Mumbai: As the Pakistan Cricket Board (PCB) is trying to bring back international cricket in its country and the Bangladesh Cricket Board (BCB) officials are about to leave for Pakistan to oversee the security arrangements for the proposed tour in April, the Federation of International Cricketers Association (FICA) believes that the risk factor for teams to travel there now is "higher" than before.
Speaking from USA, Tim May, the Chief Executive Officer of FICA, said, "As a point of interest, leading independent security advisors rate the inherent security risk of travelling to Pakistan higher now than at the time of attack on the Sri Lanka team."
Exactly three years ago, gunmen in Lahore attacked the Sri Lankan team bus on its way to the Gaddafi Stadium from the hotel. At least six policemen, escorting the team bus were killed along with the driver. Seven cricketers, an assistant coach of the Sri Lanka team and umpire (Ehsan Raza) were seriously injured.
On the third anniversary of the 2009 terror attack on the Sri Lanka team, Tim May says the risk is higher now.
Interestingly, no representative from the players' body has been invited to inspect the security arrangements in Pakistan.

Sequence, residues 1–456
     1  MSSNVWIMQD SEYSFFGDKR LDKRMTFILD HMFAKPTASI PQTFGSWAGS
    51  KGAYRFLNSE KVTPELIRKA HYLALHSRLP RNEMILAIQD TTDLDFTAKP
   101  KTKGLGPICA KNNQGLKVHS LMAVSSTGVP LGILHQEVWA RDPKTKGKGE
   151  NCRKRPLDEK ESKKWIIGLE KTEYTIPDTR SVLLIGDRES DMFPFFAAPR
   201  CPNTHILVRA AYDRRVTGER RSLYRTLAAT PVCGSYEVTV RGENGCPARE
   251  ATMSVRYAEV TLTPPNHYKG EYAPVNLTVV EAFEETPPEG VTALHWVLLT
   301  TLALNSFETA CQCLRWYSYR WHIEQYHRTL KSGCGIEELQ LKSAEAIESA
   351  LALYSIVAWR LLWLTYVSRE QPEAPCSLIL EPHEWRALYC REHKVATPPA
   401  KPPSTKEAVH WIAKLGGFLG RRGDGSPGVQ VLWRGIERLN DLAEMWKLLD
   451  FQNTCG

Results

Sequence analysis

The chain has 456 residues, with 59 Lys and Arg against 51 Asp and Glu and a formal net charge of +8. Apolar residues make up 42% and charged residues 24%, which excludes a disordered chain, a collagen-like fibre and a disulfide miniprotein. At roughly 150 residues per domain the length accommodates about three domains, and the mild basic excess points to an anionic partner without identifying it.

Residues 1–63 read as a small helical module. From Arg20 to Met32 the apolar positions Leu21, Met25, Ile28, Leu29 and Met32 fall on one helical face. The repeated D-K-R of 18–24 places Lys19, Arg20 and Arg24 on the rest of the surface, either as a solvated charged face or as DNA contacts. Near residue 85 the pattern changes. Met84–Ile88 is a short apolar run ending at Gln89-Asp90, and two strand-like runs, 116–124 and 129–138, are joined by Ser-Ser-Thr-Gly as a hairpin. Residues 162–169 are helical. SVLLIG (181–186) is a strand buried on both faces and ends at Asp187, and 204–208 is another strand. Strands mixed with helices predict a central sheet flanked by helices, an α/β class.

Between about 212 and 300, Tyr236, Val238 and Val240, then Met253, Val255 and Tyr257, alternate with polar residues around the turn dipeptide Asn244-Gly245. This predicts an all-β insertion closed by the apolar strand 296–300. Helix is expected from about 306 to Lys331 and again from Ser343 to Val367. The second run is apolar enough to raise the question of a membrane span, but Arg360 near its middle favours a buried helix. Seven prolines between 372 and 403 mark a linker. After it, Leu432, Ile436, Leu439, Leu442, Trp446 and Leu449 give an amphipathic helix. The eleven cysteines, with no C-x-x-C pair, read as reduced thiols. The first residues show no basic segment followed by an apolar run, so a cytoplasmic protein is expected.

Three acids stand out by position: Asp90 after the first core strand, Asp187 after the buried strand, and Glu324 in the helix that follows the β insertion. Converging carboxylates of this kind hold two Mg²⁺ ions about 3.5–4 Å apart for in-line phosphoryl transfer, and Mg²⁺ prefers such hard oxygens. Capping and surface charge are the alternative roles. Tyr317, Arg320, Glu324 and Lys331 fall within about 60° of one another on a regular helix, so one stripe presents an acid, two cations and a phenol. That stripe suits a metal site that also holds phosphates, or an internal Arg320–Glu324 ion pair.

"It is extraordinary that Boards think they cannot involve players' representatives, or more particularly their specialist security advisors, to be part of such security visits. These are the very individuals that are at risk - to deny them the opportunity to receive independent advice as to their safety, is simply unthinkable in this age," May added.
"Security assessments are for the independent experts to decide, and not for a bunch of administrators who simply aren't qualified to assess security risk or alternatively may have some other gain to derive by sending a team to a specific country.
"FICA hopes that cricket returns to Pakistan soon, but not until independent security experts can provide the all-clear from a security perspective that conditions over there have improved markedly from the point of time international cricket was withdrawn from Pakistan," May signed off.